2010 and all that — Relitigating the Greek bailout (Part 2)
Part 2 of a series — read Part 1 here
In Part 1, we looked at the financial stability and bank bailout aspects of the 2010 Greek package. It was important to deal with these first because, as we’ll see below, the bank bailout element was very important to the overall package. I’m also going to, in some cases, amalgamate the 2010 and 2013 packages when it makes more analytic sense to do so. The current part of this multi-part post (it is now going to stretch to at least three sections …) aims to deal with probably the most important question of all if you’re relitigating the 2010 bailout, which is:
Part 2: Could the package have been structured to provide more primary deficit financing for Greece?
I think the best way to start thinking about this is to look at a really clever and intriguing argument due to Simon Wren-Lewis. I don’t totally agree with the conclusion (spoiler alert!) but it certainly got me thinking when I first read it, and going through it in detail is going to help set up the analytical framework. It’s actually a simple enough point to make in a couple of paragraphs:
On the numbers, this looks pretty plausible to me (the IMF might even have contributed a bit more, as its total promised contribution to the 2013 package was EUR19.8). To add a little bit of detail, here is a breakdown of the Greek primary deficits for the years 2010–2013:
It fits. (Note that for 2013, excluding the bank bailout cost, Greece actually ran a small primary surplus. This is something I’ll come back to in part 3). So on this basis, it looks like Simon Wren-Lewis’ implicit point might be right — if Greece had defaulted entirely in 2010, meaning that it only needed to finance the primary deficit, it could have taken the IMF money, ignored the rest of the troika and had a no worse outcome than it actually had. Or if the European “partners” could have been persuaded to cough something up for the cradle of democracy, it could have had a much smoother adjustment path and less loss of output. Seems too good to be true, doesn’t it?
Unfortunately, I think it is. Ignore questions like “what sort of conditionality would the IMF have demanded on its own?”, and “would the IMF really be prepared to make such a massive over-quota loan if it didn’t have the Eurogroup alongside it?”. The issue is the actual cost of the bank bailout.
As you can see from the table, the bank bailout costs are already the big driver of the financing need in this counterfactual. But the costs shown here understate that financing need substantially, mainly due to an issue of accruals versus cash.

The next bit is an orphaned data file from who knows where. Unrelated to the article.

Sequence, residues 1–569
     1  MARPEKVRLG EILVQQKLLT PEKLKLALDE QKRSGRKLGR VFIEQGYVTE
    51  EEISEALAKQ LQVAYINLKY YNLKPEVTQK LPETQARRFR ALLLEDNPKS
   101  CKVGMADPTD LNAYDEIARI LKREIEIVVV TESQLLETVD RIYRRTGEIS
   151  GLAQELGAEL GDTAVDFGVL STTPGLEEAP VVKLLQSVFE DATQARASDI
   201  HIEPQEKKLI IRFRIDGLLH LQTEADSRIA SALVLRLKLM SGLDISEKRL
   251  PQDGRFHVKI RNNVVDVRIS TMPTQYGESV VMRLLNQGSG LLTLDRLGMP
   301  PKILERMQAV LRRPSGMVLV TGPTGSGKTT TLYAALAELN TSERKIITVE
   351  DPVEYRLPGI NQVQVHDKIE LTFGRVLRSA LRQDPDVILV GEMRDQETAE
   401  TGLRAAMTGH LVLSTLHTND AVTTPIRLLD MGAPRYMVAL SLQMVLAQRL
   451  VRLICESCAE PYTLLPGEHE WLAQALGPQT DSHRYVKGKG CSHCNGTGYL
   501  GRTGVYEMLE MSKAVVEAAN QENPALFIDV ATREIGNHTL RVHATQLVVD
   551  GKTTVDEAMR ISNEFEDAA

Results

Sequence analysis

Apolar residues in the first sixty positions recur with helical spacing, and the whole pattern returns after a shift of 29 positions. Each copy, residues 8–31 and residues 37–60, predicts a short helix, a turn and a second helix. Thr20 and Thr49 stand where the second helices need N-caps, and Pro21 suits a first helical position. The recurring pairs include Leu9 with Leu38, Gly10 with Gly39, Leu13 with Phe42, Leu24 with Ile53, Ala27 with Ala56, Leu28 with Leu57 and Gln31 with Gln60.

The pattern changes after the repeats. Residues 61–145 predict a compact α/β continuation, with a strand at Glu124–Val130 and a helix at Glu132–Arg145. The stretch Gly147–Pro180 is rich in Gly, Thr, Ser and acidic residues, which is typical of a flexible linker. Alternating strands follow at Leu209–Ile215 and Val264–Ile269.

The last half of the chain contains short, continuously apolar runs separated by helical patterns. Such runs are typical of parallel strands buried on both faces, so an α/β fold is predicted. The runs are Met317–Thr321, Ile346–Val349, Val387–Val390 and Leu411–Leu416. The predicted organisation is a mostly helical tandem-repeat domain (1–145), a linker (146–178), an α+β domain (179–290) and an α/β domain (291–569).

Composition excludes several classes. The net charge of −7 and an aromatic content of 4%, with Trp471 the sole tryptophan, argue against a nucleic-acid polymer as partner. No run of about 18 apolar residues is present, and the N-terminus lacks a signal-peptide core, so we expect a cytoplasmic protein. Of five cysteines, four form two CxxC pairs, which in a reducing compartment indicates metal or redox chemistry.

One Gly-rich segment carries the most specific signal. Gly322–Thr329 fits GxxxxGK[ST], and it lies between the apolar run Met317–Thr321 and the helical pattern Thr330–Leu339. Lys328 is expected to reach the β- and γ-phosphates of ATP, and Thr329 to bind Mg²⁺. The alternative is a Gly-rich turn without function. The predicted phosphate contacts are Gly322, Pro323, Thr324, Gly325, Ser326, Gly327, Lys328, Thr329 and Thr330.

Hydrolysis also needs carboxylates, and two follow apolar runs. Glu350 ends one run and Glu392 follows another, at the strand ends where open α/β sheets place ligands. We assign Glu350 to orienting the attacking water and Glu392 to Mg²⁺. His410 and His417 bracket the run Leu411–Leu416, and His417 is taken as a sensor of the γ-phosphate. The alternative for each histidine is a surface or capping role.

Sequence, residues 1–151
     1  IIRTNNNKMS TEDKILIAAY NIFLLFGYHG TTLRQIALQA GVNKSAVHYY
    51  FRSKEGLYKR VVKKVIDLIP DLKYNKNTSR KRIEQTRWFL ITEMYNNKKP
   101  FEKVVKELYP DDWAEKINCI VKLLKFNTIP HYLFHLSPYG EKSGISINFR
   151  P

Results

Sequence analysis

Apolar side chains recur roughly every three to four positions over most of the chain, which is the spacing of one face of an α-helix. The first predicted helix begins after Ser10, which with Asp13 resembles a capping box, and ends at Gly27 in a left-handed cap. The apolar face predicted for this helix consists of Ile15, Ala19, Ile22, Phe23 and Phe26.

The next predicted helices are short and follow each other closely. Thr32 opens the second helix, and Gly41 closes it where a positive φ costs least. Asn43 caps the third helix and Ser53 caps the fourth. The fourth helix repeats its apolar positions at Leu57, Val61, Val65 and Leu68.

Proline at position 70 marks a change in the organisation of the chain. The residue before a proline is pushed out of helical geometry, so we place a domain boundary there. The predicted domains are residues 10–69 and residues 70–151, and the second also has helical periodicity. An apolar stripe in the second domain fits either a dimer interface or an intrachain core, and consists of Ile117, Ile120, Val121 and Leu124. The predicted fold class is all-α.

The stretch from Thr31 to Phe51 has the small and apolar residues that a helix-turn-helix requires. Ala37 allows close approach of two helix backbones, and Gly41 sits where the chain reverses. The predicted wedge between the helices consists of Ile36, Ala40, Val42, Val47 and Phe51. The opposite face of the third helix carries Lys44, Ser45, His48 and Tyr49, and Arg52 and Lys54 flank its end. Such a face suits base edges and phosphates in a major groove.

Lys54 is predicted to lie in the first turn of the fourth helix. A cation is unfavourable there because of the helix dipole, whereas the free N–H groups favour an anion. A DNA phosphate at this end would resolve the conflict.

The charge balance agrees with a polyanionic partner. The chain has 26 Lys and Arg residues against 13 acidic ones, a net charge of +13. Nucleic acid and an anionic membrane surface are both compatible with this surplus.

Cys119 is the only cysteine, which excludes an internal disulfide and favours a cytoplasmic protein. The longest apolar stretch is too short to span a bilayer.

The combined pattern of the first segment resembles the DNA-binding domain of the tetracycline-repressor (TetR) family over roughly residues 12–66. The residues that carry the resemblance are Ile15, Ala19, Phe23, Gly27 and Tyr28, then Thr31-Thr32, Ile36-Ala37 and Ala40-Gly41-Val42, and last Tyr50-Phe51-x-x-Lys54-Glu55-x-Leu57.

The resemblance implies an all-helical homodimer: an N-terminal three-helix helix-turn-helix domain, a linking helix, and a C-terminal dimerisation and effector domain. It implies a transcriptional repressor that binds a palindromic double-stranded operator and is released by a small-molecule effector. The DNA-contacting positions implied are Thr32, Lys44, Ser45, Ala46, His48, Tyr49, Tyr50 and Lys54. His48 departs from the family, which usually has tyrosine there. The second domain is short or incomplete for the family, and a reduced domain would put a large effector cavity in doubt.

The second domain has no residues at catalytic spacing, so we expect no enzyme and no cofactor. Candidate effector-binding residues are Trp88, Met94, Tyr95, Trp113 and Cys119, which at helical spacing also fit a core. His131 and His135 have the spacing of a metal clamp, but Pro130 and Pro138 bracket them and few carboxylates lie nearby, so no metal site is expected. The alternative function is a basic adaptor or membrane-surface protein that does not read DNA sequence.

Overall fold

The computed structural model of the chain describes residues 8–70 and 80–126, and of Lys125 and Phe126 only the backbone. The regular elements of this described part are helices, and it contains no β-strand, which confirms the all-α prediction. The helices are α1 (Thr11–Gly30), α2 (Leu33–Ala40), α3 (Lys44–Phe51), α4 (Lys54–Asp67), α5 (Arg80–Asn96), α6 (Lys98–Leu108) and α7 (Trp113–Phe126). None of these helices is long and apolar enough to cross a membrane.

By which I mean, the ESA95 deficit, correctly, counts the cost of a bank recapitalisation as (oversimplifiying) the amount of money disbursed from the Hellenic Financial Stability Fund, minus the estimated value of the securities received — think of these as the guesstimated future privatisation proceeds. That’s the only sensible way to account for it.
But, pretty obviously, this isn’t the amount of money that needs to be borrowed. The actual loans into the HFSF were EUR48bn. And it gets worse. As you can see, the big bank recap cost came in 2013, after Private Sector Involvement (PSI) wrote down the value of their GGB holdings by 75% (I don’t know why it hits in the year after the PSI took place). But if Greece had taken the hardcore default option in 2010, the losses would have been 100%, and they would have happened on the EUR39bn of holdings in that year, not the EUR26.6bn that they had been reduced to (per the Merler & Pisani-Ferry dataset) by the beginning of 2012. On a crude envelope calculation, taking (39.1 — (26*.75)), this adds nearly EUR20bn to the cost of the bank bailout.
So the actual breakdown of the financing needs of this strategy looks more like this:
So even if you can get the whole EUR50bn from the IMF, you have a financing gap — on what I’d consider a more realistic EUR30bn, you need EUR53bn from the troika. And nearly all of this needs to be disbursed right up front as it is mainly to deal with the immediate consequences of default.
But … when you compare these numbers to the actual EUR272bn actually committed in the two packages, you can see the basis for this critique of the program. It very much looks like the same effects could have been achieved with rather less than half the money — or alternatively, that the same money could have been spent better, in a way that could have provided nearly 50% of Greek GDP in additional primary deficit funding.
Soooooo … I think this shows why I’ve been referring to this as “the intelligent critique”. It might be right. I think there are a few more complications though, before we can declare the relitigation over and the case proved beyond reasonable doubt. Let’s now set up the analytical framework I promised earlier.
The analytical framework
Basically, after going through the work on SWL’s argument above, I think it makes sense to split the bailout into three components, in increasing order of size:
1) Primary deficit financing for Greece (roughly EUR16bn).
2) Financing for a bailout of the Greek banking system (roughly EUR 50bn).
3) A commitment to “nationalise” Greece’s outstanding debt and restructure it at some future date. (roughly EUR200bn).
This was — and this is the kernel of truth in what I regard as a fairly misleading rhetorical point — not really a deficit funding program for Greece. It was a small deficit funding program, combined with a large bank bailout program, combined with a huge assumption of debt. That debt was later restructured on NPV-reducing terms, and in my view is likely to be further reduced, but I think that falls outside our current topic.
So the question we’re really addressing is whether some of the commitment made in 3) (the debt nationalisation program) could be transferred into 1) (the primary deficit financing program). Doing this would reduce the up-front austerity, smooth the adjustment path and in all probability allow a somewhat better outcome for Greece.